Research Article: Activity of Uncleaved Caspase-8 Controls Anti-bacterial Immune Defense and TLR-Induced Cytokine Production Independent of Cell Death

Date Published: October 13, 2016

Publisher: Public Library of Science

Author(s): Naomi H. Philip, Alexandra DeLaney, Lance W. Peterson, Melanie Santos-Marrero, Jennifer T. Grier, Yan Sun, Meghan A. Wynosky-Dolfi, Erin E. Zwack, Baofeng Hu, Tayla M. Olsen, Anthony Rongvaux, Scott D. Pope, Carolina B. López, Andrew Oberst, Daniel P. Beiting, Jorge Henao-Mejia, Igor E. Brodsky, David Weiss.


Caspases regulate cell death programs in response to environmental stresses, including infection and inflammation, and are therefore critical for the proper operation of the mammalian immune system. Caspase-8 is necessary for optimal production of inflammatory cytokines and host defense against infection by multiple pathogens including Yersinia, but whether this is due to death of infected cells or an intrinsic role of caspase-8 in TLR-induced gene expression is unknown. Caspase-8 activation at death signaling complexes results in its autoprocessing and subsequent cleavage and activation of its downstream apoptotic targets. Whether caspase-8 activity is also important for inflammatory gene expression during bacterial infection has not been investigated. Here, we report that caspase-8 plays an essential cell-intrinsic role in innate inflammatory cytokine production in vivo during Yersinia infection. Unexpectedly, we found that caspase-8 enzymatic activity regulates gene expression in response to bacterial infection as well as TLR signaling independently of apoptosis. Using newly-generated mice in which caspase-8 autoprocessing is ablated (Casp8DA/DA), we now demonstrate that caspase-8 enzymatic activity, but not autoprocessing, mediates induction of inflammatory cytokines by bacterial infection and a wide variety of TLR stimuli. Because unprocessed caspase-8 functions in an enzymatic complex with its homolog cFLIP, our findings implicate the caspase-8/cFLIP heterodimer in control of inflammatory cytokines during microbial infection, and provide new insight into regulation of antibacterial immune defense.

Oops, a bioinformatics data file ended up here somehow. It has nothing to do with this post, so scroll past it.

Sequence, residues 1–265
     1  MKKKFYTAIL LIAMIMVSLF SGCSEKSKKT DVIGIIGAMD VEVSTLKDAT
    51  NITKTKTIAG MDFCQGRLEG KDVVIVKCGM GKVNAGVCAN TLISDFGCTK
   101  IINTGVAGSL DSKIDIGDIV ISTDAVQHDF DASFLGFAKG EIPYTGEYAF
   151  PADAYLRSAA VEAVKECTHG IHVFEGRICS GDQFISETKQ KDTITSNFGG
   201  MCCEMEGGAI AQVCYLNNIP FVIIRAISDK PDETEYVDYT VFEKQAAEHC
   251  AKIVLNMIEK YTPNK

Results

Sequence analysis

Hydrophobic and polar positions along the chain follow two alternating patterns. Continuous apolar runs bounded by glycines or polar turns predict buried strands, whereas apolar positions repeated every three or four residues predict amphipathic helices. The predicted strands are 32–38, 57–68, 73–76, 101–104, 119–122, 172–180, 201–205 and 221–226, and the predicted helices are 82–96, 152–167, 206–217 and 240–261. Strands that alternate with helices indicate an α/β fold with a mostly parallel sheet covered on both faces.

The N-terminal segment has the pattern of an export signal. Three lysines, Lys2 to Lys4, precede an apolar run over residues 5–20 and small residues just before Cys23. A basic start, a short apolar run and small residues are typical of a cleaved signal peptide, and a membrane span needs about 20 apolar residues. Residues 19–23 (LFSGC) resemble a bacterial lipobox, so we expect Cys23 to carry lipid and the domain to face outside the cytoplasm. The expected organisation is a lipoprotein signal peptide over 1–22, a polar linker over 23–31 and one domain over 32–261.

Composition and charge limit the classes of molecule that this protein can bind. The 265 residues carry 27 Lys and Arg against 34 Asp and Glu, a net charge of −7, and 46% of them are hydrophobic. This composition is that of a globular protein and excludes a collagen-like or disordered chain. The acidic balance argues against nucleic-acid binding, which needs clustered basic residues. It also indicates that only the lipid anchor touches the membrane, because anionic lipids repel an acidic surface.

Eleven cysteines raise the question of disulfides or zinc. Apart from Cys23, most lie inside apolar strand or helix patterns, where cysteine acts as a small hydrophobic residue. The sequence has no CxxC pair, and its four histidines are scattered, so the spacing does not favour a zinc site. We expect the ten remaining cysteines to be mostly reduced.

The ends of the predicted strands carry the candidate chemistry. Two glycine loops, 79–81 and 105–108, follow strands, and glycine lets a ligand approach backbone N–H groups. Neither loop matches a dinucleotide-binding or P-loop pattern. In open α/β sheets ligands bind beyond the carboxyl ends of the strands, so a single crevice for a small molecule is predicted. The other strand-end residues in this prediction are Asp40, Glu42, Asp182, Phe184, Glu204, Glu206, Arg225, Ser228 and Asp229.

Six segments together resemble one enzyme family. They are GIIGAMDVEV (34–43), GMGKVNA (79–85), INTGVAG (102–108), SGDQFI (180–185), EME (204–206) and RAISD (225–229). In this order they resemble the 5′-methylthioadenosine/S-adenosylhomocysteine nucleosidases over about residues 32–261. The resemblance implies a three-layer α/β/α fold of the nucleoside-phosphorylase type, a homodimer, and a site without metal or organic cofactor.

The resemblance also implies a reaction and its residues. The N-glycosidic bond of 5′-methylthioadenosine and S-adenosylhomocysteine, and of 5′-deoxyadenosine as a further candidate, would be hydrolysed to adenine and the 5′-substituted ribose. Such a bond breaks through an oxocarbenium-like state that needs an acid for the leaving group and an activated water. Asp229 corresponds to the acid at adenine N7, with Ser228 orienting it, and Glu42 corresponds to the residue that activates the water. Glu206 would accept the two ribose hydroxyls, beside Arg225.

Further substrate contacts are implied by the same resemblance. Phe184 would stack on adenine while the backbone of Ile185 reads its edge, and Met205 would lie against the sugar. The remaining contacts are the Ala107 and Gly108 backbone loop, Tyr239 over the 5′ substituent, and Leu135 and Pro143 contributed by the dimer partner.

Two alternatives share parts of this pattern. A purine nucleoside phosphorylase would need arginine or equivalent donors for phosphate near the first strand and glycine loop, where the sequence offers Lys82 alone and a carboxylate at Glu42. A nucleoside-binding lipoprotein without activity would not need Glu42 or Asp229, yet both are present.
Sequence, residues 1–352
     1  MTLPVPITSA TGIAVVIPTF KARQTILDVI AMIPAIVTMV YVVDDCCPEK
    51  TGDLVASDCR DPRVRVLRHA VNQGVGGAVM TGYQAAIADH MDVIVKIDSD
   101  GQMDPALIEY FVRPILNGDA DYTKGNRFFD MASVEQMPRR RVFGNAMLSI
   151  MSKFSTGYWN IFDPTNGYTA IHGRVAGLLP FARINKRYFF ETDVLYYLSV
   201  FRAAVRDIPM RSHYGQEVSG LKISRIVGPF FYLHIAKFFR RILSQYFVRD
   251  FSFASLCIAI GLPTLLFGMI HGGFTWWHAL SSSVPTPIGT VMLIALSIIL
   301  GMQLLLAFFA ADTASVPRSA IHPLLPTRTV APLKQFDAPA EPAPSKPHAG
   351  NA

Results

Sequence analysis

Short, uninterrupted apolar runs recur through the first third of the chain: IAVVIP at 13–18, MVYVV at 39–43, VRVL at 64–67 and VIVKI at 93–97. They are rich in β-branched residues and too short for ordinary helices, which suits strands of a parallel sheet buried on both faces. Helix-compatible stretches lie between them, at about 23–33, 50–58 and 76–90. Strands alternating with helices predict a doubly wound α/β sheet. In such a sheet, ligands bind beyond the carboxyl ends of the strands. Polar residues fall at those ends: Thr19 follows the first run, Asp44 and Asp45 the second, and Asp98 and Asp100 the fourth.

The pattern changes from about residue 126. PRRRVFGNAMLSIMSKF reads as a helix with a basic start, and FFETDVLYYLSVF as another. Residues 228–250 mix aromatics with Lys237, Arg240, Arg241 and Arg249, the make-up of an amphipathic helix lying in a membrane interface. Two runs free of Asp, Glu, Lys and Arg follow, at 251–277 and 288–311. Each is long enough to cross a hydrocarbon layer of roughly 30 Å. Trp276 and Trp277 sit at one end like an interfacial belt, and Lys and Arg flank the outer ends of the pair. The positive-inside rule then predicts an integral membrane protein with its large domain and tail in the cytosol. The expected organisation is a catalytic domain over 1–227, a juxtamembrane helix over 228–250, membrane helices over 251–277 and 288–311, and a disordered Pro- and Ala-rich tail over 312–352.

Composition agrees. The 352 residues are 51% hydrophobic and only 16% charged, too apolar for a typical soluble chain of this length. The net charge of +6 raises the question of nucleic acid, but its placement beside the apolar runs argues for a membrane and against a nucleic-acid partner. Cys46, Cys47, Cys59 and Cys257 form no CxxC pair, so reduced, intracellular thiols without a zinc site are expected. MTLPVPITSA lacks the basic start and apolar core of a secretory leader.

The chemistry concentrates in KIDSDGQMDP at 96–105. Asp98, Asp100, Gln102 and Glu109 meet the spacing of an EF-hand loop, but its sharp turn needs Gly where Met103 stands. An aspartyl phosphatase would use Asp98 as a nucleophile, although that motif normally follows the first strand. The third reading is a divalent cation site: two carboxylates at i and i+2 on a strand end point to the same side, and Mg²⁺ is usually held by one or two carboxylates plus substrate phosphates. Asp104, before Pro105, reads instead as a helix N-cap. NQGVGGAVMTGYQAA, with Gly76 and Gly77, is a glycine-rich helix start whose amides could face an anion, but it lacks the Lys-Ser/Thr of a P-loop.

Partial Text

Pattern recognition receptors such as Toll-like receptors (TLRs) sense conserved microbial structures including lipopolysaccharide (LPS) or peptidoglycans [1]. Bacterial infection triggers MyD88- and TRIF-dependent MAPK and NF-κB signaling, which induces the expression of cell survival and inflammatory programs that are critical for host defense [2]. Activation of TLRs in the presence of pharmacological or bacterial inhibitors of NF-κB results in cell death that is mediated by the cysteine protease caspase-8 [3–5]. This is due to recruitment of caspase-8 to a TRIF/RIPK1/FADD-containing complex via specific homotypic protein-protein interaction motifs [6]. RIPK1 interacts with TRIF by means of RIP homology interaction motifs (RHIM) and can bind FADD through shared death domains (DD), which in turn engages caspase-8 via death effector domains (DED) [7, 8]. Upon recruitment to this complex, caspase-8 undergoes dimerization and autoprocessing, which stabilizes the active enzyme, and initiates the proteolytic cascade that ultimately results in apoptotic disassembly of the cell [9].

Caspase-8 is a central regulator of cell fate decisions in the context of bacterial infection and inflammatory stimuli. The precise nature of the interactions between caspase-8 and a number of signaling and adapter proteins, such as cFLIP, RIPK1, RIPK3 and FADD, in the context of specific extracellular cues, determines whether the cell undergoes apoptosis, RIPK3-dependent programmed necrosis, or initiates inflammatory gene expression. Infection by the bacterial pathogen Yersinia induces innate immune cells to undergo caspase-8-mediated apoptosis, and it has been suggested that apoptosis of bacteria-infected cells promotes immune defense against infection [33, 61, 62]. However, whether caspase-8 controls anti-bacterial immune defense by regulating cell death or control of inflammatory cytokine production, as well as how caspase-8 controls inflammatory cytokine production during bacterial infection, remain unclear.




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